Tips on ethanol precipitation of nucleic acids and wash - (Mar/13/2005 )
I have a question which has been haunting my mind for a few years. About ethanol wash, almost all protocols just tell you to do a ethanol wash after precipitation but don't tell how. My questions are:
1. How much ethanol (70% for DNA, 75% for RNA) should be added?
2. Should I mix or vortex the tube after adding the ethanol?
3. Why is a lower centrifuge speed used for washing compared to the precipitation, Is higher speed OK for washing because I am always tempted to spin at high speed to be sure my DNA will adhere tighter to the wall of the tube.
4. Why 70% is used for DNA and 75% for RNA?
for your 4th question the most probalbe answer could be, RNA is more prone to dissovle inwater because of its single stranded nature and its low molecular weight.
where as double stranded DNA can with stand the disolution at 30% of water and similer is applied to RNA .
hope this answer could convince you
At which step should i add glycogen during precipitation of dna?
Add the glycogen and mix before adding the ethanol.
DNA sequencing software
ok. I have shared DNA. I have precipitated it with 100% EtOH+1/10 volume of Na Ac 5.2+1 mcl of glycogen....but it doesn't want to pellet. I can see the bubbles, I know I have DNA...what would you use? what would you increase? ETOH, salt?
I really do not understand what is happening.
I assume you mean sheared DNA. Are you getting a glycogen pellet after spinning? How much EtOH are you adding? How do you know your DNA is not pelleting anyway?
DNA sequencing protocols
Well, finally I got it. I added more glycogen(1mcg) and it made the difference.
Here are my two cents:
The precipitation should last at least for 20 min at -20C or -80C.
Before centrifugation, you should not be able to see any pellet.
To remove the supernatant, I decant the tube or aspirate the liquid using a tip connected to a vacuum.
Use glycogen as a carrier if DNA amount is very low.
i am facing a similar problem wid the extraction of plant DNA wherein i dont see any precipiatate during the addition of cold ethanol which i used to see earlier in my DNA extractions. i grind the leaves using liquid nitrogen ,wether the improper grinding affects the DNA extraction?. a point i could notice tht, whenever i get a pale green colour (might b cholorophil) in my Chloroform : isoamylalcohol extract, i dont get to see a precipitate wid cold ethanol. so do u think keeping it in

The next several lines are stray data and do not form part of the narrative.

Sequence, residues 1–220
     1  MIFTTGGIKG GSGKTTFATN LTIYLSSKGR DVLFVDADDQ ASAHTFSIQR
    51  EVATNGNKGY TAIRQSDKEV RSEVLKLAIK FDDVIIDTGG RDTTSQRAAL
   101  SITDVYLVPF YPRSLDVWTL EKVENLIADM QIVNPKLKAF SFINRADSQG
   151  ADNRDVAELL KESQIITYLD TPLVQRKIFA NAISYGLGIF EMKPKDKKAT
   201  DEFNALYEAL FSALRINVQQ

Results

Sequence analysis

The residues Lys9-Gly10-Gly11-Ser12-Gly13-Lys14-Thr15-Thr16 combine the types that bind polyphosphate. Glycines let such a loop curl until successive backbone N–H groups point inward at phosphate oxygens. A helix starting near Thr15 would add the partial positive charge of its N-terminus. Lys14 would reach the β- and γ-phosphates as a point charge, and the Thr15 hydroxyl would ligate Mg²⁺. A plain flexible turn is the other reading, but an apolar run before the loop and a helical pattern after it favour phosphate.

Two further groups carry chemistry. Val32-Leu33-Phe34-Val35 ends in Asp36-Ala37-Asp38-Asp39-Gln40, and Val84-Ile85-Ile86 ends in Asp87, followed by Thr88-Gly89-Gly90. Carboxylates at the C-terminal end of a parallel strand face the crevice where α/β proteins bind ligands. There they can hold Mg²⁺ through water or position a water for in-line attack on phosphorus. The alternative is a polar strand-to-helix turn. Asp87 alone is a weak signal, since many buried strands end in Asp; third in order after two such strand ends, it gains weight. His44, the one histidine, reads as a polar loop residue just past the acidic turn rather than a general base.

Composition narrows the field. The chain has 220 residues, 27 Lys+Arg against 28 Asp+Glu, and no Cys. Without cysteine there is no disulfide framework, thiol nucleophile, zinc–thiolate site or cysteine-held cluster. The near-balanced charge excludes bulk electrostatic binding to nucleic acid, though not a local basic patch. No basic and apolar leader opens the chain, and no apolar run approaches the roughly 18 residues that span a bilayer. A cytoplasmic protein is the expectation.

-20 degrees i will b able to see precipitate or after the centrifugation i will b able get a precipitate. if so wht speed i sholud centrifuge it (in RCF). and let me know the relationship between RCF and RPM.
I really do not understand what is happening.
I used to precipitate DNA with 2.5M Ammonium acetate(7.5M stock) and 2.5 volume of Absolute ethanol.It works well. Ammoniun acetate is easy to remove from the DNA pellet when compared to sodium acetate(which may create problem in cloning process.)
And for DNA washing, I use to wash with 300ul of 70% ice cold/ refrigerated ethanol and spin at 10,000 rpm for 15 minutes, 4 degree.
Hello, recently I have found a protocoll, which was using sodium acetate at pH 8.0 ?
Here is a short cut out:
A. T4 polymerase blunting of DNA ends
Steps 1 through 6 should be kept on ice.
1. Mix 2 µl (200 ng) WCE DNA and 53 µl ddH2O for each IP.
2. Aliquot 55 µl for each IP sample. Keep all tubes on ice.
3. Make blunting master mix on ice:
Final Conc. Stock 1x Mix
1x 10x T4 DNA polymerase buffer 11.0 µl
5 ug 10 µg/µl BSA (NEB) 0.5 ul
40 nM 10mM each dNTP 1.0 µl
1.5 U 3U/µl T4 DNA polymerase (NEB) 0.5 µl
ddH2O 42.0 µl
4. Add 55 µl of blunting master mix to all samples.
5. Incubate for 20 minutes at 12°C in thermal cycler.
6. Add 11.5 µl of 3M sodium acetate, pH 8.0 and 0.5 µl of 20 µg/µl glycogen (10 µg total).
7. Transfer reaction to pre-chilled Phaselock tubes and extract 1x with 120 µl P:C:IA (follow instructions provided by Eppendorf).
8. Transfer aqueous layer to new centrifuge tube containing 250 µl EtOH. Incubate for 30 minutes at -80°C.
9. Spin at 20,000 x g for 10 minutes at 4°C to pellet DNA. Wash pellets with 500 µl of 80% EtOH.
10. Dry pellets and resuspend each in 25 µl H2O. Chill on ice.
So my question is why did they use pH 8.0, normally it is 5.5 ? The next step would be a blund ended ligation with the sheared DNA fragments (something which gives me nightmares, but this is a differen matter). Could the pH affect the ligation reaction? Another point is that they tend to wash their precipitated DNA always with 80% EtOH. After what I have read, 70% would be better for desalting, something that could also affect proceding enzyme activities. So I don´t see the point. please enlighten me
I think there is no strict for using volume of ethanol. Usually I use 1 ml of 70% ethanol both for DNA and RNA washing. I never vortex, I just dislocate the pellet and the centrifuge for 5 min in table centrifuge (12000rpm). Sometimes I also don not centrifuge, just I wash 2 times by 70% ethanol by decanding. I think the important thing is drying the ethanol. After washing ethanol should be completely evaporate